8 Oldest People with Cystic Fibrosis

Cystic fibrosis (CF) is a genetic disease that severely damages and attacks the lungs, digestive system, and other vital organs.

Basically, where a normal person’s body produces thin, slippery mucus that acts as a health internal lubricant, a person with cystic fibrosis will naturally produce thicker, stickier mucus that is likely to block ducts, passageways, and tubes within the body. This is especially true for the lungs and pancreas, making breathing and digestion difficult.

Originally, those who were born with cystic fibrosis did not have a long life expectancy. However, over the years, many medical and scientific advances have been made to improve both quality of life and life expectancy for those with CF. Today, babies born with CF are expected to live into their mid-40s and beyond!

So, exactly how old have oldest people with CF lived to be? Stay right here – we’re about to find out!

8. Alexandra Deford

Year born: 1971
Currently living?: No
Current age (or age at death): 9
Location: United States

Alexandra Defordphoto source: geni.com

Just nine years old at the time of her death, Alexandra (“Alex”) Deford was the daughter of Frank Deford, Sports Illustrated senior writer.

A victim of cystic fibrosis, the brave little girl allegedly said to one of her favorite nurses, “I’m going home to die now, but don’t tell my mother and father – it will upset them.” It was the last time she went home from the hospital in January, 1980, before passing away.

Upon her death, Frank Deford wrote a touching book about Alex’s life entitled: Alex: The Life of a Child (Viking). It was excerpted in People magazine and carried in Readers Digest.

Did You Know?

A 1986 film adaptation was made from Deford’s biography about his daughter, directed by Robert Markowitz and starring Craig T. Nelson, Bonnie Bedelia, Gennie James, and Daniel Corkill.

7. Frederic Chopin

Year born: 1810
Currently living?: No
Current age (or age at death): 39
Location: Poland

Frederic Chopinphoto source: Wikipedia

One of the most famous composers and pianists of all time, Frederic Chopin, was a sufferer of cystic fibrosis.

Born in Warsaw in 1810, Chopin grew up studying and composing music in his early life before settling in Paris in 1831. It was in Paris that he further developed his career and became popular for his music – and in Paris that he unfortunately fell prey to cystic fibrosis. He died in 1849 at just 39 years old.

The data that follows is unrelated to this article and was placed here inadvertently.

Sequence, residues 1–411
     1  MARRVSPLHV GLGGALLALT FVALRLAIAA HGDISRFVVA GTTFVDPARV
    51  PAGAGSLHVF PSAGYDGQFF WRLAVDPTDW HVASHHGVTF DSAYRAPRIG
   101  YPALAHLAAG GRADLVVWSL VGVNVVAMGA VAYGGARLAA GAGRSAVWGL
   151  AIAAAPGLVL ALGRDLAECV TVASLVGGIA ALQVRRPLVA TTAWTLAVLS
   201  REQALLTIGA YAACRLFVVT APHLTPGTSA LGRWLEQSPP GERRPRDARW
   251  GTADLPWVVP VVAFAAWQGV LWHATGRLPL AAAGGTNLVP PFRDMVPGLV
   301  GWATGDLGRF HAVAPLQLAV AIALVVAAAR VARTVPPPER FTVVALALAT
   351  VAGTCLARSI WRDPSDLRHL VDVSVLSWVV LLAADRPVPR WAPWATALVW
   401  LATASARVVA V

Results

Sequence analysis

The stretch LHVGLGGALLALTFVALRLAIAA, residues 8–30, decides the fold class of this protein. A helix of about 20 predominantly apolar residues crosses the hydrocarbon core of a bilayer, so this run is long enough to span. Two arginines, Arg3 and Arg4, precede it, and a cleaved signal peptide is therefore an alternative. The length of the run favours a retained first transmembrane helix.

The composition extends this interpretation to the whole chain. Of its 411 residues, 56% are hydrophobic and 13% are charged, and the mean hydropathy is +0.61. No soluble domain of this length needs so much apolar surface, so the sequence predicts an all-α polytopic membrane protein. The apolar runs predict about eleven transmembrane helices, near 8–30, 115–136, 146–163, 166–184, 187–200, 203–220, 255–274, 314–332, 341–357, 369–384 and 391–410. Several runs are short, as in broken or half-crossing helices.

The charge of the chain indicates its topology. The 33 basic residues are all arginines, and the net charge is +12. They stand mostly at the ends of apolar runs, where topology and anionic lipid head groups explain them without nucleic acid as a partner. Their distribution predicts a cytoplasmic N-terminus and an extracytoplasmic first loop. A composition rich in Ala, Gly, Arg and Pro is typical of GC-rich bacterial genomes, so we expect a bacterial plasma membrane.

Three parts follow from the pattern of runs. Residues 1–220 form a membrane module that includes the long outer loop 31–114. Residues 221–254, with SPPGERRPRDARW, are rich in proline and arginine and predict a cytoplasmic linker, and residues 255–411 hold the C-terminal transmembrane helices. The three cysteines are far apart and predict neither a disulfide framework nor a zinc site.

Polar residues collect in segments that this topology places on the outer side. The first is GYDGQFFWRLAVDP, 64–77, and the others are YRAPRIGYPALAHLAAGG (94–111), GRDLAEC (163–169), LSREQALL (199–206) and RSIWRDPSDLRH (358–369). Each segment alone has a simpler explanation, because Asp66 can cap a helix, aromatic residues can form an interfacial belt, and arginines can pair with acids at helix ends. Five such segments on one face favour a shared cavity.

Originally diagnosed and treated for tuberculosis in his lifetime, it is now more widely believed that Chopin actually had CF.

Did You Know?

Scientists petitioned for a fragment of tissue from Chopin’s heart postmortem to test it for different conditions. Though this request was denied, a visual inspection was completed only recently in 2017 of Chopin’s alcohol-preserved heart at the Polish Academy of Sciences.

Upon inspection, one of the leading theories is still that Chopin suffered from a rare case of pericarditis, caused by chronic tuberculosis. However, CF is another likely cause. Neither theory has been 100% proven.

6. Dean Barnett

Year born: 1967
Currently living?: No
Current age (or age at death): 41
Location: United States

Dean Barnettphoto source: fpri.org

Dean Barnett was a prominent American conservative blogger and stand-in talk show host. He passed away from cystic fibrosis in 2008.

A graduate of Harvard University and of Boston University Law School, Barnett was known for his involvement in the political sphere. He was a volunteer for Mitt Romney’s Senate campaign, and went on to create SoxBlog, a website that focused on conservative politics and Boston sports.

CF caught up with Barnett in October, 2008, when he was admitted to the hospital for a serious infection and never recovered.

Did You Know?

Barnett was known for his thick Boston accent, for which he was nicknamed “Chowdah” when he filled in on radio shows.

5. Bob Flanagan

Year born: 1952
Currently living?: No
Current age (or age at death): 42
Location: United States

Bob Flanaganphoto source: Pinterest

Bob Flanagan channeled his pain from cystic fibrosis into art. He was an American artist, poet, writer, comic…and sadomasochist. When he met Rose, his lover, he signed a contract giving her “total control over my mind and body.”